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phone with ridesharing app and the person in the profile image is anxious

Ridesharing and IBD

When I first was diagnosed with Crohn’s, ride sharing was not a thing. I would never get into a cab, as I would fear that I would have an accident on myself. Let’s be real. I never really went out of my house. I couldn’t.

Now that it is 2019, we are engulfed in ridesharing and it is the hottest thing out there. But what do you do if you got to doo in a UBER?

Should we tell the driver that we have IBD?

I have not experienced this yet, because I have only taken it for short distances, but it can happen. You could kindly ask the driver to stop. If you ask the driver to stop so that you can relieve yourself, do you get charged more? Should drivers be alerted if one has a medical condition? These are things that make you think. I know that some ride-sharing companies let the driver know if the passenger or passengers are blind, so why can’t we tell the driver if we have IBD? We could scare some people away. I wonder if it is a legal issue.

If it were up to me, here is what I would do. I would have a section on the app of additional services that are needed by the passenger. In my case, it would be having to make bathroom stops. Should there be an upcharge or an additional charge? Of course! But this way, there are no surprises from the driver when somebody does ask to please stop while in transit. This could be something that CCFA should look into. Let’s look at this situation through different lenses.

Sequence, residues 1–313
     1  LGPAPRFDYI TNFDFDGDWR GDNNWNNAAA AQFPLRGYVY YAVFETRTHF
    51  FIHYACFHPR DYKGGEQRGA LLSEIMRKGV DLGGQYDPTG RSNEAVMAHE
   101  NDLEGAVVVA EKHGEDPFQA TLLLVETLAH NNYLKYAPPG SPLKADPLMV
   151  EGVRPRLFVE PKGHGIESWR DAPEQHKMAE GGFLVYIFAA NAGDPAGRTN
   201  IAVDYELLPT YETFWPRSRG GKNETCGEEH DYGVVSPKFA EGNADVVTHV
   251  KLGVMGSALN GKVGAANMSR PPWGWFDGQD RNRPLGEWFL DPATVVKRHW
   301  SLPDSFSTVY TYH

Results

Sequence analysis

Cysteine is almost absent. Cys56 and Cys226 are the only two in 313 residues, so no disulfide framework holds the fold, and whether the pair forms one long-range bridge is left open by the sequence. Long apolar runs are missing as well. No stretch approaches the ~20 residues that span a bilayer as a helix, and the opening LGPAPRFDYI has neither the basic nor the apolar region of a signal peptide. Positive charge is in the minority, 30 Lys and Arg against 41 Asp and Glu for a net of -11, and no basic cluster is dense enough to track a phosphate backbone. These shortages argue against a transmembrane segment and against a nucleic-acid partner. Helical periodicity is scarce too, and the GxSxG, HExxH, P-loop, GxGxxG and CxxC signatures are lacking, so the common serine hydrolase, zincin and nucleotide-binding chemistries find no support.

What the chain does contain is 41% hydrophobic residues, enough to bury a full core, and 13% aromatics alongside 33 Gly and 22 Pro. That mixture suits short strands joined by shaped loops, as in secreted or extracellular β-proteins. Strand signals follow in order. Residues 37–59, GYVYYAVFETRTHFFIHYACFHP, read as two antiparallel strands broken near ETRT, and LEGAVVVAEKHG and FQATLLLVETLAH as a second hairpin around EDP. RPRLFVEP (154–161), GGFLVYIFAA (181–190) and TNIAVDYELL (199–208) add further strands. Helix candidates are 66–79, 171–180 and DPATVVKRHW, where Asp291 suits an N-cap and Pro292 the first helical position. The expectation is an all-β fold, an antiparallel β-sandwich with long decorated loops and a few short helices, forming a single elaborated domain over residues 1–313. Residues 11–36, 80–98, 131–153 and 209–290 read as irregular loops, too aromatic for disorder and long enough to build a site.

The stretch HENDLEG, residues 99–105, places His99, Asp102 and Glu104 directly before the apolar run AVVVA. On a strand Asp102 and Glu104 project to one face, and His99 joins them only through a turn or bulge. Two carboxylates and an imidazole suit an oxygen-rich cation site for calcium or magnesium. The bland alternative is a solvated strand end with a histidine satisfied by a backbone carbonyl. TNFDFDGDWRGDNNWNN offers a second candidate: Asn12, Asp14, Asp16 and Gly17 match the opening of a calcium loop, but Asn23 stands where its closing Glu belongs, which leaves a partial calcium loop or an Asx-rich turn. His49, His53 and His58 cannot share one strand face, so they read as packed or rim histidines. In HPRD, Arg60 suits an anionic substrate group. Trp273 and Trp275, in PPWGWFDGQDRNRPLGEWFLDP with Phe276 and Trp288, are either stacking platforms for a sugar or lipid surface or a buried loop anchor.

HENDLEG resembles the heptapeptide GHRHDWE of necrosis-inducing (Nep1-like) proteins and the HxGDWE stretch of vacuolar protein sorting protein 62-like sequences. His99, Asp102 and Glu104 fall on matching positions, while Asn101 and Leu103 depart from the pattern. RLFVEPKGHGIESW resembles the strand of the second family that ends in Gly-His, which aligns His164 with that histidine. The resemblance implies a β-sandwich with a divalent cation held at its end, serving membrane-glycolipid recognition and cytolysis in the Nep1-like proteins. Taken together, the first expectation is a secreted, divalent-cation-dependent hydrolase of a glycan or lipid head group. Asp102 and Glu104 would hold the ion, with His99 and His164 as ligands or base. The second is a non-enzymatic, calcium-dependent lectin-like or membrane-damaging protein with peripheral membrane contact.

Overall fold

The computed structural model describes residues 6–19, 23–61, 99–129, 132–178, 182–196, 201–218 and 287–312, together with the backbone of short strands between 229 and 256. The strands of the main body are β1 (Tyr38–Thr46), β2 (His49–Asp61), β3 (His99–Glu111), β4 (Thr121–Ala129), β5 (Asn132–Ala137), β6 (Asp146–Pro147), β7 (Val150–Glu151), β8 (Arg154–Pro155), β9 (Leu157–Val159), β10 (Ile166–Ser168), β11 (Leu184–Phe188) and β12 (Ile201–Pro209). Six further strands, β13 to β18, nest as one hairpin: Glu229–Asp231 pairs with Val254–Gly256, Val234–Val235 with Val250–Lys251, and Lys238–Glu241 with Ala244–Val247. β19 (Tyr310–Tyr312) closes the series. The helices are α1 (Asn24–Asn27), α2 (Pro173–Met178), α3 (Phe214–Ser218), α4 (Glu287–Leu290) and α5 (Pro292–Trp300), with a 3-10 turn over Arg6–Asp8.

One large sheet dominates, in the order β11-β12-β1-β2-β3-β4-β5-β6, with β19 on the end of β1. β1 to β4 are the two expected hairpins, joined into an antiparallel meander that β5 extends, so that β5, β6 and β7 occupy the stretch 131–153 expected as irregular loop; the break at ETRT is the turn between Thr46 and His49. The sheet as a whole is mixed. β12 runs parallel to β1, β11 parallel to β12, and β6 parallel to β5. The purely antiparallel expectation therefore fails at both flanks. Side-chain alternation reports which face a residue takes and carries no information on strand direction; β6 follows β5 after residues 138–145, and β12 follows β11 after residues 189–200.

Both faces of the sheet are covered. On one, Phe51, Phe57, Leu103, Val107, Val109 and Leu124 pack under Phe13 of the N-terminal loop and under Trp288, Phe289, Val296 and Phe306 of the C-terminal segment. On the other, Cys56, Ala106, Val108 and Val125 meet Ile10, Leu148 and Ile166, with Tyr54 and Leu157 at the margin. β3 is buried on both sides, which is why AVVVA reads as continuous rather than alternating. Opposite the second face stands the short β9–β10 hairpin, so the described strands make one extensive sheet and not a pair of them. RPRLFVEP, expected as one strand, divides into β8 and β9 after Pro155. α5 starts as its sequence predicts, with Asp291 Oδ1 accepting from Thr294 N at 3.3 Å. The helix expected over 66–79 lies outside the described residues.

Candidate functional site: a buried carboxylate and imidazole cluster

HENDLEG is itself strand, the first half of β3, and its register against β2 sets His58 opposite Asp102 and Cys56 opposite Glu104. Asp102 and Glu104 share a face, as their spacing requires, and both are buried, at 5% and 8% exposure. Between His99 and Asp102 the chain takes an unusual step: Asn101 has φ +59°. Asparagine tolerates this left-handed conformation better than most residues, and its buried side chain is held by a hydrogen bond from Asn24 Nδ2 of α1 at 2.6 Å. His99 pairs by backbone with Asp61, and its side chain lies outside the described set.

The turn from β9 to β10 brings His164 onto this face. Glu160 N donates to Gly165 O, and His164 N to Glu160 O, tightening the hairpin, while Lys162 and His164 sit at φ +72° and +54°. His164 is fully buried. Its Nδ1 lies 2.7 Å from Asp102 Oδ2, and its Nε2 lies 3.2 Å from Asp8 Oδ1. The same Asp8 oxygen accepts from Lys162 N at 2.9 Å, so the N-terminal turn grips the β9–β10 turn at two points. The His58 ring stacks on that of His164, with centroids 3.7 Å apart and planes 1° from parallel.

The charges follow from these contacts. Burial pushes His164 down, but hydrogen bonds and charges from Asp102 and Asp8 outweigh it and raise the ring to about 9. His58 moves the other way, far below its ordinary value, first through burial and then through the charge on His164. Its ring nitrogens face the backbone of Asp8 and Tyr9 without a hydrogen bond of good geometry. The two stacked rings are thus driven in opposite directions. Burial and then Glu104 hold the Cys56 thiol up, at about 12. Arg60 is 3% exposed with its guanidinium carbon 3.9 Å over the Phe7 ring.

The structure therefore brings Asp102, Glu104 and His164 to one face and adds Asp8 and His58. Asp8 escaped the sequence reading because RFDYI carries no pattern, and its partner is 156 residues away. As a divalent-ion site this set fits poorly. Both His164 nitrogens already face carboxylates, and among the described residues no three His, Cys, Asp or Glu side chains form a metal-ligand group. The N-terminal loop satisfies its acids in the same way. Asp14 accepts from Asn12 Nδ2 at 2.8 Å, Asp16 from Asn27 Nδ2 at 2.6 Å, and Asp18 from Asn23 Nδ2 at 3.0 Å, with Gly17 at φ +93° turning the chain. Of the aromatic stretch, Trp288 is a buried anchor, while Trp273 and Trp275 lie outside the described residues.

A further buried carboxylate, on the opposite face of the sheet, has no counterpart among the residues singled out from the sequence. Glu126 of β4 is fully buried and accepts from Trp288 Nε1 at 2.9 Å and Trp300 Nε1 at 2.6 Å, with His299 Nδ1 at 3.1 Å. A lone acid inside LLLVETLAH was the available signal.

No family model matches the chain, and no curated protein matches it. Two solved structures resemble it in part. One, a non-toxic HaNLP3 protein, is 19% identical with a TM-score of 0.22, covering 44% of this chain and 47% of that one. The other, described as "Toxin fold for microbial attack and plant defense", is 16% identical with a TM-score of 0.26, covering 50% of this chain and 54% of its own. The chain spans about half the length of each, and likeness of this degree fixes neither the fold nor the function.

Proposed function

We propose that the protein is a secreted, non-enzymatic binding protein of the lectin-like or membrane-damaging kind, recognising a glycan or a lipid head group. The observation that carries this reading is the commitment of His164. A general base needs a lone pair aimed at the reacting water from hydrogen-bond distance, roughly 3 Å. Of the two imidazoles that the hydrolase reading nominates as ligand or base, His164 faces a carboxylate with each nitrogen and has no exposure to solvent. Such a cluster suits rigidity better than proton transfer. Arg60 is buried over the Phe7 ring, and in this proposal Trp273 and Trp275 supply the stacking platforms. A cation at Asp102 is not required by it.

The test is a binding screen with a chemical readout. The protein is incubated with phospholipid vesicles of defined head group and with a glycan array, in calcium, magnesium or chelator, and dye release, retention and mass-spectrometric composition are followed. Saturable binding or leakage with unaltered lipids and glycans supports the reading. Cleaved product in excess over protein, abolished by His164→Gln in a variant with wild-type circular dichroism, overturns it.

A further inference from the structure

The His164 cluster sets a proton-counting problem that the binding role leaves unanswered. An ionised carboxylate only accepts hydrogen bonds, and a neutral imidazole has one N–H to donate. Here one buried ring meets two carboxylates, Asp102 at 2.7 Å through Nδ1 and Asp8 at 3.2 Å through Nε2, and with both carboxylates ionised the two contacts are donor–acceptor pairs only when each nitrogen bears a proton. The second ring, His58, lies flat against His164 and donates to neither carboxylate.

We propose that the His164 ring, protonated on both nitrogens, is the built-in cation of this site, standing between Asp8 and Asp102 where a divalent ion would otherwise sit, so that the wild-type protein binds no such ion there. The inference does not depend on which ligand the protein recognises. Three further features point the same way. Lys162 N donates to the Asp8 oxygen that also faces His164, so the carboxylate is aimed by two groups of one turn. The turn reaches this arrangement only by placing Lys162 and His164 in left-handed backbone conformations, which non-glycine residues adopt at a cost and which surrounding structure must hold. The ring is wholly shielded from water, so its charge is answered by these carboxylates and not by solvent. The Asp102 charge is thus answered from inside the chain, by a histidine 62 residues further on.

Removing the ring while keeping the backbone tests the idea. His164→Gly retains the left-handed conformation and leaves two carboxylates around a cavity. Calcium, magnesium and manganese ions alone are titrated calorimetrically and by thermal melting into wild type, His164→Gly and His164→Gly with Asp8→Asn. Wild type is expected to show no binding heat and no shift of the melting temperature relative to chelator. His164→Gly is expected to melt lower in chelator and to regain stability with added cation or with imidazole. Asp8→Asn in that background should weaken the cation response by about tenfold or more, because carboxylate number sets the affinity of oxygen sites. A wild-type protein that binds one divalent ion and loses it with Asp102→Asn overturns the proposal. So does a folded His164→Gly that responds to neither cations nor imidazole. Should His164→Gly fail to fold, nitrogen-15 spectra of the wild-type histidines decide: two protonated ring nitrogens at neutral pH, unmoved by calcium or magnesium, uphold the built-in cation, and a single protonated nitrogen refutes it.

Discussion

Rideshare drivers with IBD

What about the drivers that have IBD? What do you have to do if you are in a flare as you are driving somebody to their destination? I am one of those drivers. Since I am saving money to buy a house, any extra jobs can help. I drive for UBER and I sometimes run into the issue of having to stop while driving a customer. I find it very embarrassing if I have to stop while I am working. But there is another side to this argument. People might ask me, “Paul why do you drive then?” “Why do you put yourself in a situation that can make your anxious and cause an uproar with your gut?” I can’t disagree with those questions.

Stress brings on IBD symptoms

For those that have followed my articles through the years, one major theme I stress is to always make yourself feel comfortable. I always say that IBD patients should never put themselves in situations that are stressful. I guess I feel passionate about working for a ride-sharing company because I like talking to people while doing it for some extra money. I think that with any job, IBD is a distraction. The only way I can justify driving while having IBD is to take breaks while you are offline, and don’t go out if you are having a rough day with your stomach. Don’t stop working because IBD is in the way, just follow what I always say. Be mindful of your disease…and carry on!

This article represents the opinions, thoughts, and experiences of the author; none of this content has been paid for by any advertiser. The InflammatoryBowelDisease.net team does not recommend or endorse any products or treatments discussed herein. Learn more about how we maintain editorial integrity here.

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